I hope people don't take these comments as an excuse to say that Pokémon is inherently inferior; it really doesn't feel like it's the developers' intent.
Nice discussion, want to at least try this game eventually after it is released on Switch as it seems like an interesting twist on Pokémon!
@NewAdvent The pixel art is fine. I guess if the terrible drawings aren't part of the game then nobody has to look at them.
This game looks like the very definition of "just because you can, doesn't mean that you should".
I might give it a... ah who am I kidding my backlog is never going to be finished.
First thing is Pokemon have personality .. they have a show too that you get to know em more than just the game... storylines, etc. Not so much for those other examples he mentioned.
Second, fusion has been done at a high level in crypto games. Blockchain Cuties has a whole genome and structure on breeding different offspring. And very talented artist and design that created a system to fuse parts of each aspect to make new interesting offspring.
I think it looks pretty nice. I'll try it on game pass.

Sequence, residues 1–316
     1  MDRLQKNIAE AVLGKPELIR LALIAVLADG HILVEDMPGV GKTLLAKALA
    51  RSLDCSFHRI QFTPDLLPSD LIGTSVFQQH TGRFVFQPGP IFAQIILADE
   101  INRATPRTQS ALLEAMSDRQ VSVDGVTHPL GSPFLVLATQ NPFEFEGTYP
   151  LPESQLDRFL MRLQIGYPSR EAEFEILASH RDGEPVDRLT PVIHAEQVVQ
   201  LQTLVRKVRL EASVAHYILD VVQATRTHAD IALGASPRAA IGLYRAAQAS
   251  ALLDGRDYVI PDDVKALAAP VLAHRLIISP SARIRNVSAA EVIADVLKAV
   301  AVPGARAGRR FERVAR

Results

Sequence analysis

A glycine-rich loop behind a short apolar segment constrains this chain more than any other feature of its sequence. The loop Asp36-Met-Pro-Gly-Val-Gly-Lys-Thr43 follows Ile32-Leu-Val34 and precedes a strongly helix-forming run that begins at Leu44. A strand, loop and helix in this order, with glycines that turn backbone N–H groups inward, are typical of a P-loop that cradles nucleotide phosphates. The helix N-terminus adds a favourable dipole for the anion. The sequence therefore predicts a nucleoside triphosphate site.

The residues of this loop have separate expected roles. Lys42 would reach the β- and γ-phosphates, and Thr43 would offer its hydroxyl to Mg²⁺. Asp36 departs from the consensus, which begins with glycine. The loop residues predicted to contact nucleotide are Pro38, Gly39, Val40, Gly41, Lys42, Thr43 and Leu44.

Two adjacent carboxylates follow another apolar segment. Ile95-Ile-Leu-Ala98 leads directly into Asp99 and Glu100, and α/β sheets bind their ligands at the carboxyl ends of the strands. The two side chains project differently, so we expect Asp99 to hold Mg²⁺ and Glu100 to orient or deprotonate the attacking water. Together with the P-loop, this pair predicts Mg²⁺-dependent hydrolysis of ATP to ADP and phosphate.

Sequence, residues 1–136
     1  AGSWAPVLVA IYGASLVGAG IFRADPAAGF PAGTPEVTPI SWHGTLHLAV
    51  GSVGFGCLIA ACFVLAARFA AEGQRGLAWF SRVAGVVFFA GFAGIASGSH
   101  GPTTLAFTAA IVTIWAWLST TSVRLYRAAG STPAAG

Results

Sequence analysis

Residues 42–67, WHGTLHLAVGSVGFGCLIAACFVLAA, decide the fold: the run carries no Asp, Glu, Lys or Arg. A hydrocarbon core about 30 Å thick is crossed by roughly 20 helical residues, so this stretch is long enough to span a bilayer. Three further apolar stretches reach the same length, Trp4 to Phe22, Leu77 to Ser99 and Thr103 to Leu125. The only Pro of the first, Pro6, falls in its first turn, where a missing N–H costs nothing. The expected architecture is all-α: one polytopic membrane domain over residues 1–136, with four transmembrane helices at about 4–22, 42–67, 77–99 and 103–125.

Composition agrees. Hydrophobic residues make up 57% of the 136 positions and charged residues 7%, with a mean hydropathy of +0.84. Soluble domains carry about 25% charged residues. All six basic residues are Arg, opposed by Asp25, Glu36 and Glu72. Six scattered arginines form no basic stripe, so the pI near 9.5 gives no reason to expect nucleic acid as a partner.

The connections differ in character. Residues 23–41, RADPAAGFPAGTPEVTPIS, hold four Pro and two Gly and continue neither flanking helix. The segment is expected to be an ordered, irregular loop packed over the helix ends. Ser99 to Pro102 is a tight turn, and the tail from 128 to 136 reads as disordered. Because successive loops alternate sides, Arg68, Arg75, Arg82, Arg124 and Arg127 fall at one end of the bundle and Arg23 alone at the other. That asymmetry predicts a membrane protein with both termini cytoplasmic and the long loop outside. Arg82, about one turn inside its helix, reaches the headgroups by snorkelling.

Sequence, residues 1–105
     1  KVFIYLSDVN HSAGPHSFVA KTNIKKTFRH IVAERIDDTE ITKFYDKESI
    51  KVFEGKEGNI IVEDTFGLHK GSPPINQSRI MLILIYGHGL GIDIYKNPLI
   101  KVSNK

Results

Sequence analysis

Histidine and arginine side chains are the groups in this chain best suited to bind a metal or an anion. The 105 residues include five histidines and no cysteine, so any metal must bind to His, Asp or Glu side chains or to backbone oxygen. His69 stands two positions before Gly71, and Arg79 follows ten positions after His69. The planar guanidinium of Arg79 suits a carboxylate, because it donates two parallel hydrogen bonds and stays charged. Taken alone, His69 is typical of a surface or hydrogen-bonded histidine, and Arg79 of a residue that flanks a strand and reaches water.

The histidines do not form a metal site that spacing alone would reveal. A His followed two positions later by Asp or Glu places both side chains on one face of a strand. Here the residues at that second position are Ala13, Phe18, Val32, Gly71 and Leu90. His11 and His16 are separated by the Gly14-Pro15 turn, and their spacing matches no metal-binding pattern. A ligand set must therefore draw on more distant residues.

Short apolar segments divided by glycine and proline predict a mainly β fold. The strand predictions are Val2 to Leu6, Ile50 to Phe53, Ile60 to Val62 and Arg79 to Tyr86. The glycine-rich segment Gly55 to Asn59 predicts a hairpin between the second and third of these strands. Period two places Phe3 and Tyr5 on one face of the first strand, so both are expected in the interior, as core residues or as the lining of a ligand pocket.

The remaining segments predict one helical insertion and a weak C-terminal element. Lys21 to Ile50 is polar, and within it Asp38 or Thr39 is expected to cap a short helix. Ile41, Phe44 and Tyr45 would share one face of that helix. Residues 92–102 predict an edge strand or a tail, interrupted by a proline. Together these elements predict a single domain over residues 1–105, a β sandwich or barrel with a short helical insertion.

At least a little bit better than Temtem, Nexomon, Monster Viator, and all the other Digimon clones.
Instant buy! Sounds awesome, whereas I've never been interested in Digimon or Nexomon. But it looks like this one looks and plays differently.
“…people will be quite surprised to see how different it truly is.”
Said basically every Pokémon clone dev ever.
"people aren’t put off from making or buying first-person shooters when Call of Duty exists,"
The first person shooter genre is a whole lot more general than "Role playing game where you collect monsters and make them fight each other".
"A lot of people will look at a game that has similarities and say, ‘that’s a Pokémon clone'. But you don’t get that with Metroidvania games"
Agree with this. Pokemon fans act like Game Freak has a ownership over the monster-collecting genre when Pokemon wasn't even the first game to do that.
There’s definitely space now for someone to challenge Pokémon but I think the 2D DS era is what I’d aim for personally.
It sounds interesting, but that first screenshot immediately put me off
Despite the negative comments, Im excited to give this a shot, a more mature pokemon sounds interesting and the artstyle doesn't erk me as much as it seems it does for some others here, plus, I really like fusions as a concept, with infinite fusion being one of my favourite games ever
@tenmetresam Upon watching through the trailer, I actually really like the artstyle
@Poodlestargenerica Spoken like a true pokemon fanboy.